Incidents

New unpatched Windows vulnerabilities

Three new MS Windows vulnerabilties have been published, along with ‘Proof of Concept’ exploit codes.
All vulnerabilties reported are targeted at NT based systems, NT, 2000, 2003 and XP.

This involves one overflow in Windows its winhlp32.exe file, which is used to open .hlp files.
The other vulnerabilities don’t affect Windows XP/SP2, showing again that XP/SP2 seems to be more secure than previous versions.

This includes a vulnerability with which a specially crafted .bmp, .cur, .ico or .ani file can cause arbitrary code to be run.
The other vulnerability is a DoS, a specially crafted .ani file can cause the system to crash.

An ‘arbitrary code exection’ vulnerability, which can be considered extremely critical, released one day before Christmas, not an ideal situation to say the least.
Yet another reason to be even more careful these holidays.

New unpatched Windows vulnerabilities

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Reports

Sunburst backdoor – code overlaps with Kazuar

While looking at the Sunburst backdoor, we discovered several features that overlap with a previously identified backdoor known as Kazuar. Our observations shows that Kazuar was used together with Turla tools during multiple breaches in past years.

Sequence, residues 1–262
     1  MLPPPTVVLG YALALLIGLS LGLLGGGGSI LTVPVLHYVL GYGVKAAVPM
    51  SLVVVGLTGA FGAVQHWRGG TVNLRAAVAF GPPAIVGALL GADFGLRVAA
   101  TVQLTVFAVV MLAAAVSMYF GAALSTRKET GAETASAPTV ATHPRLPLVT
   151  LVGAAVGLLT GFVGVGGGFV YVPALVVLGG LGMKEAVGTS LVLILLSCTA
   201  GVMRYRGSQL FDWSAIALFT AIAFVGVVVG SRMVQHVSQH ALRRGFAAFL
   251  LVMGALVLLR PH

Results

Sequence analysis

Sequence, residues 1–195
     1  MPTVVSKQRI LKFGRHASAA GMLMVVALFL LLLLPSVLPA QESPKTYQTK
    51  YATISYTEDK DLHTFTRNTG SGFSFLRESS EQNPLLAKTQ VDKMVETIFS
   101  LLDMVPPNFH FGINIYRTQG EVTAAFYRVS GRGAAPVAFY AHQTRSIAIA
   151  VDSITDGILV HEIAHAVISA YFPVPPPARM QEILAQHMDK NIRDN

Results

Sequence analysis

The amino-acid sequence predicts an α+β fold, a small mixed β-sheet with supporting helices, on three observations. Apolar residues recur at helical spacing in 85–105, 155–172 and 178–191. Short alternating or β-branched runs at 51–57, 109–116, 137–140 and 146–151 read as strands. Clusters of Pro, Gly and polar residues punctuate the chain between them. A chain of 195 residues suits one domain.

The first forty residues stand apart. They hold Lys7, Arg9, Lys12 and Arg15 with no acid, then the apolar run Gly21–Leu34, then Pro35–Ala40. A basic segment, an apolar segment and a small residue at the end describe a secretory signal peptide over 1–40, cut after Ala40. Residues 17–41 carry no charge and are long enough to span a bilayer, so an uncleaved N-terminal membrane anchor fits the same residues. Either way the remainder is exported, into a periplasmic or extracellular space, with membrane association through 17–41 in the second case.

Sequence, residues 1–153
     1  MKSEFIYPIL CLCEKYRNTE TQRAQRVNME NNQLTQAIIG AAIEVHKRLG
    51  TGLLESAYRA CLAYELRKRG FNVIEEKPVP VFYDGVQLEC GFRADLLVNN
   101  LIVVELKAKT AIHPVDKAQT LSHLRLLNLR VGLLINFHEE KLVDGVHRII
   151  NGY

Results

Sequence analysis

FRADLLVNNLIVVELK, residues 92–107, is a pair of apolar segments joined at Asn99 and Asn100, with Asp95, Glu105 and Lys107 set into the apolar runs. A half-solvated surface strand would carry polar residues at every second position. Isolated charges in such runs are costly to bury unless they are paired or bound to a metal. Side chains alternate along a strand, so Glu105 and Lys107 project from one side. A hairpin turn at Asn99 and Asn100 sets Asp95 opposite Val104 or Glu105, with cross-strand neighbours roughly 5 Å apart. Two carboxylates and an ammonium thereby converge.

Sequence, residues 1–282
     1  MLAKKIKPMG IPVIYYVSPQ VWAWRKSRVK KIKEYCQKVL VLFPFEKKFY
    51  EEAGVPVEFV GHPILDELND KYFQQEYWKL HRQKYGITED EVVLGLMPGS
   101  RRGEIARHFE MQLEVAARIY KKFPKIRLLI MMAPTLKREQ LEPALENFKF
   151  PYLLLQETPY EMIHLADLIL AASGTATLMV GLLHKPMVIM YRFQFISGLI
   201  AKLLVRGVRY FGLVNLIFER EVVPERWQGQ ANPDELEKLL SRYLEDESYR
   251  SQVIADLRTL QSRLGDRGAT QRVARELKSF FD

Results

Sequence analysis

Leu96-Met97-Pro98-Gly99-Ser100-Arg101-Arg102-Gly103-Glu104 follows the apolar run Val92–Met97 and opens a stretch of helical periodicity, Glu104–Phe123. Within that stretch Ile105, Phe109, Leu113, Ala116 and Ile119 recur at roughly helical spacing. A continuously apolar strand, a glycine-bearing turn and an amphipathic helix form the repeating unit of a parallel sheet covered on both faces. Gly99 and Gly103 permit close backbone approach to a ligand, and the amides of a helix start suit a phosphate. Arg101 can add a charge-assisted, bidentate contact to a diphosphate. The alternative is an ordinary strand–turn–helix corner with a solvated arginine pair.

Lazarus covets COVID-19-related intelligence

As the COVID-19 crisis grinds on, some threat actors are trying to speed up vaccine development by any means available. We have found evidence that the Lazarus group is going after intelligence that could help these efforts by attacking entities related to COVID-19 research.

Sunburst: connecting the dots in the DNS requests

We matched private and public DNS data for the SUNBURST-malware root C2 domain with the CNAME records, to identify who was targeted for further exploitation. In total, we analyzed 1722 DNS records, leading to 1026 unique target name parts and 964 unique UIDs.

What did DeathStalker hide between two ferns?

While tracking DeathStalker’s Powersing-based activities in May 2020, we detected a previously unknown implant that leveraged DNS over HTTPS as a C2 channel, as well as parts of its delivery chain. We named this new malware “PowerPepper”.

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